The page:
The following day the Japs decided to finish the Flagship off knowing she was almost dead in the water. As another plane raced in heading for her bridge its pilot misjudged his attack line and slammed into the yardarm slewing the aircraft around so as to miss the bridge area and taking out the top of the foremost funnel. Sliced off cleanly it crashed to the deck. There were no casualties from this hit but it spelled the end for Aussie. Two boilers had to be shut down because of insufficient updraft.  Aussie’s war had come to an end.

Information from the Royal Australian Navy Gun Plot; Australian Navy and Joey’s Walkabout

The Australian Navy link includes some fantastic photographs!

CLICK ON IMAGES TO ENLARGE.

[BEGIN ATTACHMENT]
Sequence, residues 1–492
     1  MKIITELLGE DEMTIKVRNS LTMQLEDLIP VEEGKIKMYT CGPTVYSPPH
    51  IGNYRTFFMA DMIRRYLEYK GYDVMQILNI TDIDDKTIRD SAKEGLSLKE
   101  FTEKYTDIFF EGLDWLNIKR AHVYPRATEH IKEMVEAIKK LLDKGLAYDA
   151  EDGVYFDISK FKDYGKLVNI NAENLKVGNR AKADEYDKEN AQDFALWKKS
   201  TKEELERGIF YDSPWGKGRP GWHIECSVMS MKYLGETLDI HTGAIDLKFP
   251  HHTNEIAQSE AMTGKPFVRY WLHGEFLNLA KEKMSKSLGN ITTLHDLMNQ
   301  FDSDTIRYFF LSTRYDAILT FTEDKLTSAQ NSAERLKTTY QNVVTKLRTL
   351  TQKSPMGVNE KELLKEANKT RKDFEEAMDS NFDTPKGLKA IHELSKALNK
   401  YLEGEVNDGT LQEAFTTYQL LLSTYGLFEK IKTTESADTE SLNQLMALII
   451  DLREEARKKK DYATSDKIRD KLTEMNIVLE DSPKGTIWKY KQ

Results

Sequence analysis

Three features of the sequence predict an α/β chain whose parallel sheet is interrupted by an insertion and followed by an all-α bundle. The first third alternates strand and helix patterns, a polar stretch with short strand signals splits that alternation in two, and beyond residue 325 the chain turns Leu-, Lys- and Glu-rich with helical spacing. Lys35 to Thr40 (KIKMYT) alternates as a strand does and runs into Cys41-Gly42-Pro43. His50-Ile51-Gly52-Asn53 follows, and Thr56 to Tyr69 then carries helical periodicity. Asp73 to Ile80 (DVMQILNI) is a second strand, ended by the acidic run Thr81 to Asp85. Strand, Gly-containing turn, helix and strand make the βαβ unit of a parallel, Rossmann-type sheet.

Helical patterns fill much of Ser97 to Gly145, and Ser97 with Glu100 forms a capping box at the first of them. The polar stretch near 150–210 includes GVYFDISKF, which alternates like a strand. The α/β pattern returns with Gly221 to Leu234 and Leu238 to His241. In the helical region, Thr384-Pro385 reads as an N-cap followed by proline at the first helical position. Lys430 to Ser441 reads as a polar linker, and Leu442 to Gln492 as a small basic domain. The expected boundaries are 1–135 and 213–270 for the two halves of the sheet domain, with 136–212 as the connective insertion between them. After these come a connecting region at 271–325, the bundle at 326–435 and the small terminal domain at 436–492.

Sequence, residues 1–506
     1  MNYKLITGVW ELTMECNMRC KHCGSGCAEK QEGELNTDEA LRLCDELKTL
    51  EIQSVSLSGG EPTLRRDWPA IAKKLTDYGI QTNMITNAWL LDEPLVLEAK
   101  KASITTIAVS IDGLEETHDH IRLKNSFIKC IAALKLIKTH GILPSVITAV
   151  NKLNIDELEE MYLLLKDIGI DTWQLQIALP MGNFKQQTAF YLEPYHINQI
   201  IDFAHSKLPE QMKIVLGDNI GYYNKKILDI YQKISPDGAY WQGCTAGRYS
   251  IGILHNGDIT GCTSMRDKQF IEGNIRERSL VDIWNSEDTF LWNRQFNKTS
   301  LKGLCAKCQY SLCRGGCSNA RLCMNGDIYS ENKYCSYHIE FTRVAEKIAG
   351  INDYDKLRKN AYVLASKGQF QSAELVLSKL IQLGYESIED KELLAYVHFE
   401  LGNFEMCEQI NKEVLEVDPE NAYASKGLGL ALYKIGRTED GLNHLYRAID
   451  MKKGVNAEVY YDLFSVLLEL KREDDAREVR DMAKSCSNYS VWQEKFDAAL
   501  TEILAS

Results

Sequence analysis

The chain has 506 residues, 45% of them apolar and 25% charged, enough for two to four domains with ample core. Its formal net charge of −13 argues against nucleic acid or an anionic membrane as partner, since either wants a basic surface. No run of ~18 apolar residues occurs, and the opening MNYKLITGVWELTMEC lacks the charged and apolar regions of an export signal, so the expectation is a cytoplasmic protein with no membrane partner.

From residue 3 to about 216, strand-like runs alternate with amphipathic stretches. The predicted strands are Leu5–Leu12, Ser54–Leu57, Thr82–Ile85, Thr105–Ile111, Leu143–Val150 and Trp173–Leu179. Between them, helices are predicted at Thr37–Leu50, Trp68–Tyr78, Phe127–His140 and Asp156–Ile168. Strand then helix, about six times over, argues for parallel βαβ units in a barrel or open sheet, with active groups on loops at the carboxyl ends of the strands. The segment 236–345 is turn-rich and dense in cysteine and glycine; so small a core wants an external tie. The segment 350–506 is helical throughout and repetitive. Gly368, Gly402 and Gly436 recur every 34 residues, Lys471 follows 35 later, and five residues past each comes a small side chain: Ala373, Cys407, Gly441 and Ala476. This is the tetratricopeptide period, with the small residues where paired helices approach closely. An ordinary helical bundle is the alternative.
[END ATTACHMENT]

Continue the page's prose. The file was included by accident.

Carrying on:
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Military Humor – 

“That meal was delicious, what went wrong with it?”

“Let’s go in here – they probably remember me from last night!”

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Farewell Salutes – 

Kenneth L. Bridger – Stevens County, WA; US Army, Korea, Pvt. E-2 # 19354338, KIA (Chosin Reservoir, NK)

Kevin J. Carroll – East Meadow, NY; USMC, Vietnam, Pfc., 3/1/Marine Aircraft Group 12, KIA (Quang Tin, SV)

William B. Coleman – Mobile, AL; US Army, WWII, ETO, Pfc. # 34803721, Co F/134/35th Infantry Division, Bronze Star, KIA (Grèmecey, FRA)

Roy C. Delauter – Washington County, MD; US Army, Korea, Sgt. # 13277149, Co D/1/32/7th Infantry Division, KIA (Chosin Reservoir, NK)

Kathleen (Gohl) Gilchrist – Royal Oak, MI, US Navy WAVE, WWII

Carson R. Holman – Newport, PA; US Army, Colonel(Ret. 30 y.), West Point graduate, 82nd Airborne Division

Errol Lagasse (100) – Panama City, FL; US Coast Guard, WWII, Chief Petty Officer

David F. Lutes – Sarasota, FL; US Army, Korea, 11th Airborne Division